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Re: [IP] Boluses for high-fat meals

I couldn't agree with you more. I am working through a pizza now. I had calibrated one pazza house: 3 slices for 8 insulin units and I am ok maybe some needed later, at 11-12. Tonight we ordered from another pizza house. I knew when I saw it I was in trouble. 3 slices at 8:30 p.m. with 20 units of insulin, at 10:00 p.m. BS was 280,add 8 more units units of insulin, at 11:30 p.m. BS was 279, add 6 more units of insulin. Its about 1:14 A.M. This pizza was no end to fat ( lots of cheese...). Thing about it, this pizza was not that good even with everything on it. We will see what happen as if I did't know it is a matter of time. No more pizza from that place. My wife was very hungry and she got what she wanted. She sleeping with a full tummy. It will have been it in the morning. Eddie
-----Original Message-----
From: "Michael" <email @ redacted>
Date: Wed, 10 Oct 2001 17:29:52 -0800
To: email @ redacted
Subject: Re: [IP] Boluses for high-fat meals

> > So, here's my question.  How in the world do you decide even what to
> > try in terms of a bolus?  Unlike carbohydrates, we have no
> > information on how much insulin is required by a gram of fat or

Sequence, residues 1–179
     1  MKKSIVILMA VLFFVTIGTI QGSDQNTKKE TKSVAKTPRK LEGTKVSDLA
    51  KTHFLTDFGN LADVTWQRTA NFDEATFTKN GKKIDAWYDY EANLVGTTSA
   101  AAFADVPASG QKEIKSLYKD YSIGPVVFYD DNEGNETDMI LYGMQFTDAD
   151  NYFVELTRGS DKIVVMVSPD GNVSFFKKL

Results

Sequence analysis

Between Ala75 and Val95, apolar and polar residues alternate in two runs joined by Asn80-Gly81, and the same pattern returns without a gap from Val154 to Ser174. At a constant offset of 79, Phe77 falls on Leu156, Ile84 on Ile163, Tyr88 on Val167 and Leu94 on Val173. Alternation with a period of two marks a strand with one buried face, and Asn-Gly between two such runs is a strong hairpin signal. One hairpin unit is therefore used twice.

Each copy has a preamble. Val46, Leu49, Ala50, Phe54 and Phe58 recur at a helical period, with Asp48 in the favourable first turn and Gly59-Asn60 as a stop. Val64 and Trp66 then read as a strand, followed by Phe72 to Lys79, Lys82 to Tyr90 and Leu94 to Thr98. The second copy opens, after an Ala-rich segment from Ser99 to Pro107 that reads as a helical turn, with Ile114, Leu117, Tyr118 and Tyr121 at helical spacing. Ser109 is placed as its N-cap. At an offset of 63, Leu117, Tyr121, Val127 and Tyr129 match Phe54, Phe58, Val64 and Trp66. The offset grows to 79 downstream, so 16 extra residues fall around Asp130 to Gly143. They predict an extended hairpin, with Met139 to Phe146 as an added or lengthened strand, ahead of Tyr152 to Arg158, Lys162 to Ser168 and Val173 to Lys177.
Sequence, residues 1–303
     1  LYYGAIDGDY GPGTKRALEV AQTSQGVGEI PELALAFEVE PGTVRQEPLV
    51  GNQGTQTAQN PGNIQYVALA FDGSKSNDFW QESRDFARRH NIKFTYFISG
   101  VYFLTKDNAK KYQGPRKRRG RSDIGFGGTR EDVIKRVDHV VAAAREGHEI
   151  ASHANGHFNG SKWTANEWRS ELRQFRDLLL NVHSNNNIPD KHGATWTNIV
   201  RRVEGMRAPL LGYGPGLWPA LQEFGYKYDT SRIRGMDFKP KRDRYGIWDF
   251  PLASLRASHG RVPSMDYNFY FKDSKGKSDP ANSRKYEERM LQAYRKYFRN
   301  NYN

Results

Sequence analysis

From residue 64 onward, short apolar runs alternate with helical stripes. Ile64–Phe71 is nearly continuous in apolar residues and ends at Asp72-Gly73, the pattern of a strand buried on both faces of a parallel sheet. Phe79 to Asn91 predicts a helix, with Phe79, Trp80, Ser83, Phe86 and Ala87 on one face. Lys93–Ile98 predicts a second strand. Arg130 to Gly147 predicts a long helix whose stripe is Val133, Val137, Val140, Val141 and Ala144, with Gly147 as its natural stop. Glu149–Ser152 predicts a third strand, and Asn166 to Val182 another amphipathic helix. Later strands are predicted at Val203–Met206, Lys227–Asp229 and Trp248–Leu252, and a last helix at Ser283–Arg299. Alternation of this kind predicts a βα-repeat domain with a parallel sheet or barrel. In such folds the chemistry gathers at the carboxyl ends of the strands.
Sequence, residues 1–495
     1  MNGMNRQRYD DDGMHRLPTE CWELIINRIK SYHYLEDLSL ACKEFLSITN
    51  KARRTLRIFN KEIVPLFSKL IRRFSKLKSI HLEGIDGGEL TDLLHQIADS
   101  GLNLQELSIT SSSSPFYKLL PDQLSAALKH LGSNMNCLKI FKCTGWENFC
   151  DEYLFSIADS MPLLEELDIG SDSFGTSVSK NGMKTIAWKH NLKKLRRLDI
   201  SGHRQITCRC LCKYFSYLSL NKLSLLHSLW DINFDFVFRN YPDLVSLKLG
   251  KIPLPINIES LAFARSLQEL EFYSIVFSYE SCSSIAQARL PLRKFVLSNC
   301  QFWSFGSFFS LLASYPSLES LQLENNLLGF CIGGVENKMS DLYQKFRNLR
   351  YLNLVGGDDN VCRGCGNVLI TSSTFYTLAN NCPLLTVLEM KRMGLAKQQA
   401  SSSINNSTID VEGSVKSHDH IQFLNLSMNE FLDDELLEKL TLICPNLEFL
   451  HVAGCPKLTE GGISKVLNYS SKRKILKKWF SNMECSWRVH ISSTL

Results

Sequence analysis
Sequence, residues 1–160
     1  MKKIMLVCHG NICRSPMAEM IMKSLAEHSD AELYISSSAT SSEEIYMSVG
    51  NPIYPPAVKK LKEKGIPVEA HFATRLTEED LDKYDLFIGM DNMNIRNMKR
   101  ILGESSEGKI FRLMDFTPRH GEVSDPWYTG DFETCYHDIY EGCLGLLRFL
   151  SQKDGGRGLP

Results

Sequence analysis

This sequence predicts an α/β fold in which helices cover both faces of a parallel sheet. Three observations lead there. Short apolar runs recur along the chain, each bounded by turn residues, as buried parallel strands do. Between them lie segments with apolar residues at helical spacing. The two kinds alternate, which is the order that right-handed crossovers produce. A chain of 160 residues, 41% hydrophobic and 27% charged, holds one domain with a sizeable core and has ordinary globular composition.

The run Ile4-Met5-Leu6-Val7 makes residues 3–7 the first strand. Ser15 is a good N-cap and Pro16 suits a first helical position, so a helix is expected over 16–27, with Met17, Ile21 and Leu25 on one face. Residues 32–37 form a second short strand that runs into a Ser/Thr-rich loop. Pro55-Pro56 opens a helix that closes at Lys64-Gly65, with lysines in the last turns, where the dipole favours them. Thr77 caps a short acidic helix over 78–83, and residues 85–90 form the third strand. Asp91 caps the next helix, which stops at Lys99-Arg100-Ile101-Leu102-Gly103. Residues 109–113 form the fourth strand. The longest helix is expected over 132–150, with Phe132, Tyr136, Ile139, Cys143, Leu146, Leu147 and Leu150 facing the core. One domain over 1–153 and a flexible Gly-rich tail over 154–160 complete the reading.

> > protein, right?  So I don't even know how to guess!
> Fat has no carbs, it just delays the absorbtion of carb. The more 
> fat, the more delay. Protein eventually gets turned into carbs but it 
> can take a very long time depending on where in the gut it is finally 
> broken down. For things like pizza (the cheese) or a very large 
> steak, your looking at glucose release after a few hours for as long 
> as 4 - 7 hours depending on your size and the speed at which you can 
> digest a large meal -- the gut has a finite capacity and up to a 
> certain amount digests it all at once. Once the capacity is exceed, 
> it process indefinetly until everything is digested. There are 
> conversion factors for various kinds of protein in the back of 
> Pumping Insulin.
> For normal carb items, the glycemic index can be found on Rick 
> Mendosa's site (see LINKS page). Various things like highly processed 
> cereal may produce a rapid bg rise while toast + butter with the same 
> carb content will nicely match the insulin uptake curve. Pizza and 
> macaroni and cheese are at the other extreme, requiring 4 - 7 hours 
> to finish the release of their carb content. 
> Michael
> email @ redacted
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